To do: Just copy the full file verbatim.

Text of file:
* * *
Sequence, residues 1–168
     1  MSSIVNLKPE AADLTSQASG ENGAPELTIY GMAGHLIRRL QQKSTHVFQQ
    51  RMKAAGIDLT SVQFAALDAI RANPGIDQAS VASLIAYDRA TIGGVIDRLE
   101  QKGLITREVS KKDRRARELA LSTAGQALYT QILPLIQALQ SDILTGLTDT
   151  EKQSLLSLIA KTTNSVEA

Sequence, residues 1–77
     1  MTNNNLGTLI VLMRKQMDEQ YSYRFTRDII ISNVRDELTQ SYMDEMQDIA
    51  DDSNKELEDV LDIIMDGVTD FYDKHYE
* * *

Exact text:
Sequence, residues 1–168
     1  MSSIVNLKPE AADLTSQASG ENGAPELTIY GMAGHLIRRL QQKSTHVFQQ
    51  RMKAAGIDLT SVQFAALDAI RANPGIDQAS VASLIAYDRA TIGGVIDRLE
   101  QKGLITREVS KKDRRARELA LSTAGQALYT QILPLIQALQ SDILTGLTDT
   151  EKQSLLSLIA KTTNSVEA

Sequence, residues 1–77
     1  MTNNNLGTLI VLMRKQMDEQ YSYRFTRDII ISNVRDELTQ SYMDEMQDIA
    51  DDSNKELEDV LDIIMDGVTD FYDKHYE